Friday, November 21, 2008

Butuan Night: Rosario’s, Caraga Square and Woodstock!

After some rest after roaming around the city and a little reflecting of what I have just seen and encountered, I was again ready to go, this time to find dinner and whatever night entertainment I could chance upon.

Another lesson: be very courteous or try to develop an easy topic before you ask hotel staff a direct question such as “where can I eat good food around here” or anything similar. When I asked that question at the Luciana Inn front staff, his face obviously turned sour and said “why sir, don’t you like the food in our hotel” – and I quoted that word-for-word in English! To appease him, I said “oh no no, I don’t mean that, I just want to eat in a restaurant where the locals usually hang out”.

Another lesson learned: “where the locals usually hang-out” would mostly illicit a response pointing you to the nearest Jollibee, McDonalds or Chowking – in that order hehehe! But after some small talk, the hotel staff did pepper me with a barrage of names and places, many of which actually were already on my list. So there, I got confirmationS on where to go for a dinner!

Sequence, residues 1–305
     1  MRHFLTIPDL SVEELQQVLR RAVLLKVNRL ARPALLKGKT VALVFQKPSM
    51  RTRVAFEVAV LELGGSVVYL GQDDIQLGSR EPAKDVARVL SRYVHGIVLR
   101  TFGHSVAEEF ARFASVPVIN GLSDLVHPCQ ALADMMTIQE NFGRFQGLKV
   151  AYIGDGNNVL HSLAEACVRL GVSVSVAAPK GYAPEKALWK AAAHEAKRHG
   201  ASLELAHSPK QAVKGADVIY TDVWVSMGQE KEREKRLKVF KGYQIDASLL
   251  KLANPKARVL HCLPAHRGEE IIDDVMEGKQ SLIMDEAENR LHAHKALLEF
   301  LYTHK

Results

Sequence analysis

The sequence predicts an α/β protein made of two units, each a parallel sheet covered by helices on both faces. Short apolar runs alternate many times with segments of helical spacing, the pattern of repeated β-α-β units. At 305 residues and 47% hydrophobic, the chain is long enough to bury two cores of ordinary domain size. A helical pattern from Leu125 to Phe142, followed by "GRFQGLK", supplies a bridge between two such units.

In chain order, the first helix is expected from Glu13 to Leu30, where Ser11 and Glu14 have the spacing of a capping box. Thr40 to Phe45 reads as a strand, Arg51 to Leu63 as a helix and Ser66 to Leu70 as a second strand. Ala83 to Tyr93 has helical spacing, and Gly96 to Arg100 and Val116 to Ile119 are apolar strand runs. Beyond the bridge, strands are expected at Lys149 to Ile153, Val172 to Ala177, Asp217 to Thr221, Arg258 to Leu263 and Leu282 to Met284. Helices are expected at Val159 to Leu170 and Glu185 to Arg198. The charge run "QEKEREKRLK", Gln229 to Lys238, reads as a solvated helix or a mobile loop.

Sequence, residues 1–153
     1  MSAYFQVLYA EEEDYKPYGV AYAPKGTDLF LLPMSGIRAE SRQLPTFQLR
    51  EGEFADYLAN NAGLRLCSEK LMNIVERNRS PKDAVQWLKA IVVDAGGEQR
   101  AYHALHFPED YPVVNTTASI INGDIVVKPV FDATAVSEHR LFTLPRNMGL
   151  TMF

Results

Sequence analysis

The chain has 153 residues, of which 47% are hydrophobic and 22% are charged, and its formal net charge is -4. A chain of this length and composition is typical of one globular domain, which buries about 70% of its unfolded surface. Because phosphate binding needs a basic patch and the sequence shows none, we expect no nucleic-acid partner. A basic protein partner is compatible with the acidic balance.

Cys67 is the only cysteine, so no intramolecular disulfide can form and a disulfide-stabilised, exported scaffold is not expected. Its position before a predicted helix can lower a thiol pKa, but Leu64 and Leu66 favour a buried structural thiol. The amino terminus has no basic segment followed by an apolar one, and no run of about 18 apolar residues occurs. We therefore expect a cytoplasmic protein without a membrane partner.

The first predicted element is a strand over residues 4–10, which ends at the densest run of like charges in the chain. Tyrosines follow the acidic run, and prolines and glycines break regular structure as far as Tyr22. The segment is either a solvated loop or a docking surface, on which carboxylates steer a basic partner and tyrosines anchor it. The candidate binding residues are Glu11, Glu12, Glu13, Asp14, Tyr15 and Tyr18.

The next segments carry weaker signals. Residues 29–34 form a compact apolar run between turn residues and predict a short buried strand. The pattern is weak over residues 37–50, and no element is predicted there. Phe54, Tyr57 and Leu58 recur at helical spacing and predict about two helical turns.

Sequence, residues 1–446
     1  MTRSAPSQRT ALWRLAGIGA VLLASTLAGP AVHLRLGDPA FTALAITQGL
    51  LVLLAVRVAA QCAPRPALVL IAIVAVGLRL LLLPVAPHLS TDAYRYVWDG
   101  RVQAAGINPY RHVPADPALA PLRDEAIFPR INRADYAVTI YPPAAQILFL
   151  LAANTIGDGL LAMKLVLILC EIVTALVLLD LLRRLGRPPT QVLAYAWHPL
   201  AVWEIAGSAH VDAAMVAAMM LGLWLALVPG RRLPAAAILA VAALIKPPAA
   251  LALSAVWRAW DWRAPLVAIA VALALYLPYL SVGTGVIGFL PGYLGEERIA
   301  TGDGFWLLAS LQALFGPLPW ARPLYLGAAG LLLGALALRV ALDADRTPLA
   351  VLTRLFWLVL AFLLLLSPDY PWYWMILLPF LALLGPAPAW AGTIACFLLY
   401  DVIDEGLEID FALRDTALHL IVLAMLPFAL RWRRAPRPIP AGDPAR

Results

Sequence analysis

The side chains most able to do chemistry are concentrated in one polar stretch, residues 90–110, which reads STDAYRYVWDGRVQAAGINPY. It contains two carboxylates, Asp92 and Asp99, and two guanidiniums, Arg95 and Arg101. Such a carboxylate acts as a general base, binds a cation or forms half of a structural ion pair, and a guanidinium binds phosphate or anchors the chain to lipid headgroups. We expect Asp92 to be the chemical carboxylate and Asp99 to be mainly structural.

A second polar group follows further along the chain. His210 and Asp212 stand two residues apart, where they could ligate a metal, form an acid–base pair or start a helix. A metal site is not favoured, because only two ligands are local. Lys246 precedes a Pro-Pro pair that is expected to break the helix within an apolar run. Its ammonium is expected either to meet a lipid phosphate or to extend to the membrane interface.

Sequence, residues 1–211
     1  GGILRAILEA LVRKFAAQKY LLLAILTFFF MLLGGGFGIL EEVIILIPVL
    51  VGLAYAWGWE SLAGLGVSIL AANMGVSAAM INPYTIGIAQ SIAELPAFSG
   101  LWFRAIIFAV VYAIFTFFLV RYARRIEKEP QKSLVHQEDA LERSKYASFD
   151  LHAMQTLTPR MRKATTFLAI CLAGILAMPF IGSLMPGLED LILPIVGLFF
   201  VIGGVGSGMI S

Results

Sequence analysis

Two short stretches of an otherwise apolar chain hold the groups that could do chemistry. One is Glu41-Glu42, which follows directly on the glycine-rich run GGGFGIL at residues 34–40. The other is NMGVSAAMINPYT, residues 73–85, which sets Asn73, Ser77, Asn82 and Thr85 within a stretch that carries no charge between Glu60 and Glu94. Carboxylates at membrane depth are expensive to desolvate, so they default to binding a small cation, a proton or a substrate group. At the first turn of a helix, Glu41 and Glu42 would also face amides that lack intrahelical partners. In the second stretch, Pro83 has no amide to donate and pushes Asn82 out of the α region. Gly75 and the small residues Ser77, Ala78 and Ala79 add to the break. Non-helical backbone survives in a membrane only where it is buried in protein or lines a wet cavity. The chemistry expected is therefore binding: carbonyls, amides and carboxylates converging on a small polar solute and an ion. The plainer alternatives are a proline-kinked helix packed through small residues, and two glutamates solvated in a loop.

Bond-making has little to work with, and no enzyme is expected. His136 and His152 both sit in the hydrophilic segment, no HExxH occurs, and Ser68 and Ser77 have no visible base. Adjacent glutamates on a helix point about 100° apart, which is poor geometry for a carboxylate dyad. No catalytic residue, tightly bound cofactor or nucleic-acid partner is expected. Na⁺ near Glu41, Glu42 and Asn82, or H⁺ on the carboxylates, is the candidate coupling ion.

First up was the barbecue grill area near the police station. Three reasons I wanted to go there: 1) it was suggested by an online friend who recently visited Butuan, 2) I saw it early this afternoon, and 3) it was suggested by the hotel staff! However… I did not eat there hehe! The aromas were enticing, the chicken looked delectable, the seafood looked fresh and there were probably hundreds of stalls/stores to choose from. And it looked as if a 5th of the city’s population were already there for dinner! Everyone young and old, families or friends all looked they were having a grand time. But for some reason I chickened out. It suddenly felt too awkward for me to be having my dinner alone amidst hundreds of people! Thought I might have looked pathetic in any bench or table there hehe! And I felt that since there was nothing to watch as you eat dinner, people’s eyes would probably stray and fix upon me and take pity at my solitary self, munching barbecued half of chicken or skewered chunks of meat! If only my travel gang were with me, those grilled things must have tasted well with beer! Ahh!